Di Wang first became interested in deep learning through a seminar at the Center for Advanced Imaging Innovation and Research of NYU Langone Health.
“The seminar is about deep learning application in medical imaging field. Everybody was talking about it so I wanted to take a look,” he explained.
Wang is currently a student in the joint UT Health San Antonio/UTSA Biomedical Engineering Ph.D. program. He works with Dr. Peter Fox where he is using neuroimaging data to predict brain age.
“Brain age is the predicted age by machine learning using neuroimaging data. It has the potential to become a new aging biomarker,” he explained. “We are still trying to figure out how to improve the accuracy.”
He enjoys working on his project because deep learning is still an active field and there’s a lot of potential for his work to transform lives.
“Currently, artificial intelligence (AI) still can’t be broadly applied clinically, however in the future, I believe AI in healthcare will play a critical role,” he said.
Wang was attracted to our joint UTSA/UT Health San Antonio Biomedical Engineering Ph.D. program because of the ability to work on a project that could combine his passion for deep learning and his passion for improving medical technology.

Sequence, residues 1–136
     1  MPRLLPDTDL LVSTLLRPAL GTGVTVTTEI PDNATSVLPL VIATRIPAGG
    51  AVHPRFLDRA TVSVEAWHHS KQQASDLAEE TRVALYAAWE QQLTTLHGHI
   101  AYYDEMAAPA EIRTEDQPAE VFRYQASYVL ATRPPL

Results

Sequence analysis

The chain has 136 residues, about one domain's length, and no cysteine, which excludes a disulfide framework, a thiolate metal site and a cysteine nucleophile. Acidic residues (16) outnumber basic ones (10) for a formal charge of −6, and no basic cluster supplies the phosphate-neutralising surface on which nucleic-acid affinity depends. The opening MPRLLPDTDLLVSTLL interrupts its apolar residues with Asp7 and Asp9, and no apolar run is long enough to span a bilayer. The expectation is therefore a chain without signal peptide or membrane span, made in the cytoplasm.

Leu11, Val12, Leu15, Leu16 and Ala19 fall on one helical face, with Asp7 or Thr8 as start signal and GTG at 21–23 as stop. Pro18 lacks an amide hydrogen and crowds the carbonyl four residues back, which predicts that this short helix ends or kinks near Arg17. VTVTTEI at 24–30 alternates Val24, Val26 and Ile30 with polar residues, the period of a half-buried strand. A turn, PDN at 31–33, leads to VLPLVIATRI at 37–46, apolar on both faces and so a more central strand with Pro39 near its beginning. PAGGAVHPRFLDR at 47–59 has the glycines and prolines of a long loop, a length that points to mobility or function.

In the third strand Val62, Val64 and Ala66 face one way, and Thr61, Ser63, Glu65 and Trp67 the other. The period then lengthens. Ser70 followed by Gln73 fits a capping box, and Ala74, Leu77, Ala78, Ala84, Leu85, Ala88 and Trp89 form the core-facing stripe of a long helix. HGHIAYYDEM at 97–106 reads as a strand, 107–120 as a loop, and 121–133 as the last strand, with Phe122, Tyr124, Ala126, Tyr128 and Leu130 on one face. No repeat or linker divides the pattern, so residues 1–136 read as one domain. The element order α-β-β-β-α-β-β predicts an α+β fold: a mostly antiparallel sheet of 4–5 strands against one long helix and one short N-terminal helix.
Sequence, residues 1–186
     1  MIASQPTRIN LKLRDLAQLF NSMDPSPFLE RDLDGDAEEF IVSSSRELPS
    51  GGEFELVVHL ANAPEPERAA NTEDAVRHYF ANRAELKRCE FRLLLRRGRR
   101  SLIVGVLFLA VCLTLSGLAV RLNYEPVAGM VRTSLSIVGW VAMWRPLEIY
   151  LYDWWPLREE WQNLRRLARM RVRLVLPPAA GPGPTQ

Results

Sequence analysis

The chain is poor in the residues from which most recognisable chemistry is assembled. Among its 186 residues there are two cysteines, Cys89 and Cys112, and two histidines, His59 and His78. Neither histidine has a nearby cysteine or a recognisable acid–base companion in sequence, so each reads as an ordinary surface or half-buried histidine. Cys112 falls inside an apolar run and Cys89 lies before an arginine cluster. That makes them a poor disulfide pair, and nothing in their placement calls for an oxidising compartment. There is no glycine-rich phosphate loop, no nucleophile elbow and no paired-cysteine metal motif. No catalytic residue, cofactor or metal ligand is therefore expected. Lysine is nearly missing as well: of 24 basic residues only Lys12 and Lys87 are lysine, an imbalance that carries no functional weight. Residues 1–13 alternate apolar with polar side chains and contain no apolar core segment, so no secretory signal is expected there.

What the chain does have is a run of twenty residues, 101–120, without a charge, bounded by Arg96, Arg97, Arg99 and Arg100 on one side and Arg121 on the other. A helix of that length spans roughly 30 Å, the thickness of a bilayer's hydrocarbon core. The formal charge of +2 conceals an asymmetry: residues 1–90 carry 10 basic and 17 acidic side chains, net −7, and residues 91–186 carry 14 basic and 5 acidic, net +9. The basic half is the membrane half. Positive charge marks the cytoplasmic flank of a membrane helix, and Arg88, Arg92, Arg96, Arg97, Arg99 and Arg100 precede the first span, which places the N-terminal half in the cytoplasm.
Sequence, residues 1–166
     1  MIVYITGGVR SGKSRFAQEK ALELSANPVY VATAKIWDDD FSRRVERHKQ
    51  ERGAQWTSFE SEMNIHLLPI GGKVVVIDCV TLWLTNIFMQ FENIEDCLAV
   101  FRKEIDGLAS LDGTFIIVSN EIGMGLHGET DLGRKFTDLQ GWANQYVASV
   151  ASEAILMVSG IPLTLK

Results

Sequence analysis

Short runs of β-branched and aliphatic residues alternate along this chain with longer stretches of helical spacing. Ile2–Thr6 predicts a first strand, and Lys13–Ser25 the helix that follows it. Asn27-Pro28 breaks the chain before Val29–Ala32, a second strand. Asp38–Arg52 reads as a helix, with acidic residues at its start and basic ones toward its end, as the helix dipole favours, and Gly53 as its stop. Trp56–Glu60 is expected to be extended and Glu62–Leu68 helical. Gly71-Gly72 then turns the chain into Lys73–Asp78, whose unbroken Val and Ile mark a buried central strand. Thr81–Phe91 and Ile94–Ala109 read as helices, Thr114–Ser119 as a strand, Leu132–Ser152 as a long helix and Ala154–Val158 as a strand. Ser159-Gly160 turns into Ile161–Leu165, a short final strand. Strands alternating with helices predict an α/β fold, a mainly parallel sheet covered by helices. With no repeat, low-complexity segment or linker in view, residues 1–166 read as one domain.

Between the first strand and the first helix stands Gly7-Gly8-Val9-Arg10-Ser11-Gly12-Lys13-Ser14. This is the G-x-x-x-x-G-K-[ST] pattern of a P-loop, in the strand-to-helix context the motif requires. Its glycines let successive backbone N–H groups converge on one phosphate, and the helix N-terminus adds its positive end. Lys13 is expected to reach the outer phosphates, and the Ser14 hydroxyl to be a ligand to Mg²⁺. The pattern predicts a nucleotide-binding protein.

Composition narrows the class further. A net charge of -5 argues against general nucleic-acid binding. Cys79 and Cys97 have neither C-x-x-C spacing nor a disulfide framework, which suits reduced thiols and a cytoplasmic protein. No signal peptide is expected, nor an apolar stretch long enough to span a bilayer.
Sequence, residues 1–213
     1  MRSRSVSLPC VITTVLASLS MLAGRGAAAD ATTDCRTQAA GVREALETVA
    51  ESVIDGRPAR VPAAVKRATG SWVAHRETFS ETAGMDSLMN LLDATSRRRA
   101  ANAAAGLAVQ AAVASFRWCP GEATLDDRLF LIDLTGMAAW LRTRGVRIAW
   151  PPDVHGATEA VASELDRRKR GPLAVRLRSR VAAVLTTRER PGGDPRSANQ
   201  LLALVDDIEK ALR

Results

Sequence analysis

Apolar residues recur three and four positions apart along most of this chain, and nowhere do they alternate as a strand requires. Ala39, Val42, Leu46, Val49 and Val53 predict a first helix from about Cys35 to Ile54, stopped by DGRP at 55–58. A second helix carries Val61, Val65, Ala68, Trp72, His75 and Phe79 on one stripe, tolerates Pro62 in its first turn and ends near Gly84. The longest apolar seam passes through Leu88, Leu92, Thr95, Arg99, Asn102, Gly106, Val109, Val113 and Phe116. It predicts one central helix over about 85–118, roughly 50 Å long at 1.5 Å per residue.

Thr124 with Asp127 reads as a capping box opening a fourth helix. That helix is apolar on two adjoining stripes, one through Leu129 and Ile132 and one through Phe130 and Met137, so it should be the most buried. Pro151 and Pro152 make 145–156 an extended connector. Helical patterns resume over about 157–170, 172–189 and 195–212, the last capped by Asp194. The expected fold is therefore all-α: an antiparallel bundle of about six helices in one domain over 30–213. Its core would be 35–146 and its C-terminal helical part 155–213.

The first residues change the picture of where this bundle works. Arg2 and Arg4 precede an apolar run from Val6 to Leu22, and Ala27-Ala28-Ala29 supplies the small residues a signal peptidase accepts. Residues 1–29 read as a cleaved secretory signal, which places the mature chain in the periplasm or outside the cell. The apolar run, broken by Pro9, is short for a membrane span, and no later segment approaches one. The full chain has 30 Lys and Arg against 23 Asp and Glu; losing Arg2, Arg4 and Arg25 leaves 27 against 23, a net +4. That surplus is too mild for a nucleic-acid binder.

“The guy doing deep learning isn’t always applying it to medical imaging, so I feel like the bridge because biomedical engineering students equip with both medical and engineering knowledge,” he said.
He completed his bachelor’s degree in biomedical engineering at Jinan University and he first experimented the medical imaging research as a master’s student in Biomedical Engineering at New York University. Wang’s project involved MR imaging processing and diffusion MRI.
“Machine learning algorithms can do it,” he said. “I used to draw ROIs on MR imaging manually with my hand and I would sit on the computer until my hand couldn’t move so I thought to myself why couldn’t I let the computer do it? ”
After graduation, he is interested in working at Google, Simmons, GE or a company that focuses on both deep learning or machine learning and medical imaging.
“It’s a cool area. It’s growing,” he said. “We are witnessing history.”
This article was written by Charlotte Anthony, marketing specialist at the Graduate School of Biomedical Sciences at UT Health San Antonio. This article is part of the “Meet The Researcher” series which showcases researchers at the Graduate School of Biomedical Sciences at University of Texas Health Science Center San Antonio.